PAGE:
Three years after his feature directorial debut Carré blanc played at the festival in 2011, the French director who made his name in commercials returns to Toronto with thriller The Reach.
Paris-born Léonetti talks to Jeremy Kay about working with Michael Douglas and rising star Jeremy Irvine in the Mojave Desert-set two-hander produced by Douglas’ Furthur Films. The Oscar winner stars as Madec, a calculating corporate titan who engages in a battle of wits with Ben, an impoverished young tracker whom he hires for a big game hunt when things go badly wrong.
The Reach receives its world premiere in Toronto on Saturday. WME Global represents US rights and Good Universe handles international sales.
How did you get involved on The Reach?
About two years ago they called me and gave me the script and I read it and thought it was very interesting. I was in Paris and three months later I was meeting Michael Douglas in New York.
What was it about Stephen Susco’s adaptation of the 1972 Robb White novel Deathwatch that attracted you?
It was very visual and I saw immediately I was made for this movie. I wanted something simple, strong and dark. This story is like a Biblical story: it’s a strong and brutal metaphor about the power and money and I saw it as a classic survivor Western. It was an opportunity for me to show I could make something simple and strong.
What was it working with Michael Douglas, who not only stars but produces this (with Robert Mitas)?
It wasn’t easy. Michael’s a legend and I am a [relatively fresh] director, so if you are to convince him you have to fight for it. But if he is convinced he gives a lot. I wanted to create this character with a big hat and yellow sunglasses in the desert and he was interested and helped me a lot. At the same time it was an opportunity to show another side of Michael because we have seen him as Gordon Gekko and in Falling Down and other iconic roles but we haven’t seen him play this kind of character before.
And Madec is not simply an all-out alpha male is he?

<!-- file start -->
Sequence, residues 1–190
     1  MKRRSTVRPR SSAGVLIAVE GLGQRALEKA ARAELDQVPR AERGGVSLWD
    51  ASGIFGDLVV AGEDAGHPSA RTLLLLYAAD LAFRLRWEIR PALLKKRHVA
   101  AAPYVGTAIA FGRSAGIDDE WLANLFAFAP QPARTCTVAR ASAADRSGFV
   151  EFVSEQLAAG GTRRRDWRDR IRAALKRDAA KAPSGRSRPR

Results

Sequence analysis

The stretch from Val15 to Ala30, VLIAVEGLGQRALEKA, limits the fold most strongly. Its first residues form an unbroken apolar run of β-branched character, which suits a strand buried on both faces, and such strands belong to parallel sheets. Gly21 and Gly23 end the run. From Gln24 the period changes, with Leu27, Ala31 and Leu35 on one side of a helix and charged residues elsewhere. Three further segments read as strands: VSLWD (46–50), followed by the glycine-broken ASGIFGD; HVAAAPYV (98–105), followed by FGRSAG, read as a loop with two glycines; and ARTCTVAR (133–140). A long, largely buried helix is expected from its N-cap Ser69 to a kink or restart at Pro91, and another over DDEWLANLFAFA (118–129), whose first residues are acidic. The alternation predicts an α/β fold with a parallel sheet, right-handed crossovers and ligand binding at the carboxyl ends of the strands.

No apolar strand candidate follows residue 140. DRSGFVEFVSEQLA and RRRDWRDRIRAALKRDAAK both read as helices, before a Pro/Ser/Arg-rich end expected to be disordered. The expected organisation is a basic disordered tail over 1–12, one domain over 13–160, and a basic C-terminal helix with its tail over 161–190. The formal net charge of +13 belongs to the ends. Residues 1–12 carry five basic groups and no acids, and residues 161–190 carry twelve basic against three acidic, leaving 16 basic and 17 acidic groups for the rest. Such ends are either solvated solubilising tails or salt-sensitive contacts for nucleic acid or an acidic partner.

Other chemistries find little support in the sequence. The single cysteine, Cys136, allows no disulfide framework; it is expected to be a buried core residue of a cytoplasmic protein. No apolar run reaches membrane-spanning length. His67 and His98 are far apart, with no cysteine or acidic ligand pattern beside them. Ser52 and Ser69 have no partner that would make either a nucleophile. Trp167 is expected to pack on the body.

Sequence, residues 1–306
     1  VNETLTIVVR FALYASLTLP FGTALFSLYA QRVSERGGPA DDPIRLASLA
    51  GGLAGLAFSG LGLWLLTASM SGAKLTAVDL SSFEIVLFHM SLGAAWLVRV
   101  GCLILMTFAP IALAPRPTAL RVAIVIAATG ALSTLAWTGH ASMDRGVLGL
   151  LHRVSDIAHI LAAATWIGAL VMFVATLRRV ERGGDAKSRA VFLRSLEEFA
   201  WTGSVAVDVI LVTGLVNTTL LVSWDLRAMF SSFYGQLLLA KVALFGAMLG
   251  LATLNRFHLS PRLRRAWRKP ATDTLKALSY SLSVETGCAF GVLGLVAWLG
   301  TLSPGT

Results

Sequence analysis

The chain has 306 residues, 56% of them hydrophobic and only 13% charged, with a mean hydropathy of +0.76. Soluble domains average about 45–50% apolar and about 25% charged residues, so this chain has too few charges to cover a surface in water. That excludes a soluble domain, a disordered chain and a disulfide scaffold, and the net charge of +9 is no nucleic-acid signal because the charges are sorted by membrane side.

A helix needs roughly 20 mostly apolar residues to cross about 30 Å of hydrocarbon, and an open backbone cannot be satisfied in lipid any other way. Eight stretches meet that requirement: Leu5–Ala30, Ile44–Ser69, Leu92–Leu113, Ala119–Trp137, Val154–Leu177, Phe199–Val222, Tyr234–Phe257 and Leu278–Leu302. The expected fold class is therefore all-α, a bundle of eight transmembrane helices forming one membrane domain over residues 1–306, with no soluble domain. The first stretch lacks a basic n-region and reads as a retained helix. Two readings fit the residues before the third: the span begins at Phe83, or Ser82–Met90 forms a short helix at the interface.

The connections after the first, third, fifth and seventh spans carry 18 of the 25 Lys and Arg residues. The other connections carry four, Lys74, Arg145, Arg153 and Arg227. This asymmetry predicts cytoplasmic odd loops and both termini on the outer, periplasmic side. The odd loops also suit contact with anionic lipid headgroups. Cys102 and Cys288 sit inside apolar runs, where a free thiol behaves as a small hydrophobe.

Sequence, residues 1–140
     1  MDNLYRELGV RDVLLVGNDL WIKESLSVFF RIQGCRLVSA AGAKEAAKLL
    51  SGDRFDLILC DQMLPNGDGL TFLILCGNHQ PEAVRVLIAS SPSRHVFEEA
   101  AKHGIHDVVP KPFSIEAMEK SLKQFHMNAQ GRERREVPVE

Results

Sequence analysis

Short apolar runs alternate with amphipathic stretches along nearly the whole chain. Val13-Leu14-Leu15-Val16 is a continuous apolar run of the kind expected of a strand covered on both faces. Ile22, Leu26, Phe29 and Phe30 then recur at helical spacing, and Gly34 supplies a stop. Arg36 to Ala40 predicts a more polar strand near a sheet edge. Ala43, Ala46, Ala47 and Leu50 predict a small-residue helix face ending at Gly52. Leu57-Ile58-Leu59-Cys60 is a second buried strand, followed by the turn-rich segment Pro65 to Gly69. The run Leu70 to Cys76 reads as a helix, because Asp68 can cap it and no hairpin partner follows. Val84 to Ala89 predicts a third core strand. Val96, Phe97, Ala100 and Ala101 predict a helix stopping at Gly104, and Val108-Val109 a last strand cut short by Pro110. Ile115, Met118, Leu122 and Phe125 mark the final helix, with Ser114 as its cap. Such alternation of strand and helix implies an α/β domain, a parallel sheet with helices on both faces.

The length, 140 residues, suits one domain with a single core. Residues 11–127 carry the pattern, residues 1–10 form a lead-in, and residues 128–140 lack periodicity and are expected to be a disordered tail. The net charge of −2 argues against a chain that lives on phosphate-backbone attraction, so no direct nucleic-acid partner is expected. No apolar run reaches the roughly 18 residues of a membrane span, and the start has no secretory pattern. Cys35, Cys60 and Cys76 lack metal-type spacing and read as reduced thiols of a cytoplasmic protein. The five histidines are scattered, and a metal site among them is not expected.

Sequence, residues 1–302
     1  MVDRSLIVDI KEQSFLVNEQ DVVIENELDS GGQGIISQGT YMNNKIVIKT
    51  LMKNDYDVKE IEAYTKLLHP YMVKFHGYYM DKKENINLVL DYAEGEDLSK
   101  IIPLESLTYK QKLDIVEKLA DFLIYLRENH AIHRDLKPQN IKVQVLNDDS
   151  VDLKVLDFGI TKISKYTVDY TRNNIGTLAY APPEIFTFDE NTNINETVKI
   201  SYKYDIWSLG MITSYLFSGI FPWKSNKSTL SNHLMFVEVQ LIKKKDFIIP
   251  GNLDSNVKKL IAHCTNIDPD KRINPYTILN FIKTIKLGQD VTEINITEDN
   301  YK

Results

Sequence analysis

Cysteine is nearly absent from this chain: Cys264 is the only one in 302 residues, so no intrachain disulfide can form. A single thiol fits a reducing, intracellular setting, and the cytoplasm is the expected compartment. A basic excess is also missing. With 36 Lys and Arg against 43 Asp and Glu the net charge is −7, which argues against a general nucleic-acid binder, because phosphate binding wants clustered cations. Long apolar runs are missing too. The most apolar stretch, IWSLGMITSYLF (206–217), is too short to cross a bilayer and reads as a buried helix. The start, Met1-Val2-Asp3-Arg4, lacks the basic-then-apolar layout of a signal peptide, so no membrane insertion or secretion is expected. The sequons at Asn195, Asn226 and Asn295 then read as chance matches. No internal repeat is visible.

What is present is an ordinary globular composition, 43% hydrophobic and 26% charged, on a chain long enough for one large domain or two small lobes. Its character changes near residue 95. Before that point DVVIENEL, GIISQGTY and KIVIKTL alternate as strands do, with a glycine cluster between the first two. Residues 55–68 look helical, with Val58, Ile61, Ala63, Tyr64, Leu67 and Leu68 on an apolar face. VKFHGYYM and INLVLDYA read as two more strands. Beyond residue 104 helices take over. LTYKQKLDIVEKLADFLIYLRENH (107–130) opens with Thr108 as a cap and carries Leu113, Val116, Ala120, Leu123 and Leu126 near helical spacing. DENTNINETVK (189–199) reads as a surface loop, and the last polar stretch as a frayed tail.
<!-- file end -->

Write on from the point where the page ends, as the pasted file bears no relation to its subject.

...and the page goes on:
It was interesting because I wanted to explore how much this guy was lost. He has a lot of power and money but he is alone and sad. I thought it was a new Michael Douglas.
The UK’s Jeremy Irvine, so impressive in The Railway Man, delivers another fine performance here.
He is a really young guy. He’s very smart and enthusiastic and saw my movie [Carré blanc] and wanted to work with me. He was very involved in the shoot; always trying to improve himself. I like him a lot because he wasn’t afraid to put together a character in front of Michael.
The scenery sears itself into the mind. Where and when did you shoot?
We shot in September 2013 for five-and-a-half weeks. We filmed in the desert near the town of Farmington in New Mexico. It was difficult but at the same time I was in love with this place because it was like the planet Mars. You feel the violent temperature and you feel the loneliness. The people are strong but there’s a kind of sadness. It was a tough location for the crew. Temperatures reached over 100 F but we knew we had to shoot there and Michael Douglas agreed with me.
Why is it called The Reach?
For the screenwriter it meant something wide and unpredictable; a place where everybody would be able to lose himself. It means something really big; bigger than nature.
What are your feelings about making your return to Toronto?
I’m proud because I was there three years ago with my first film.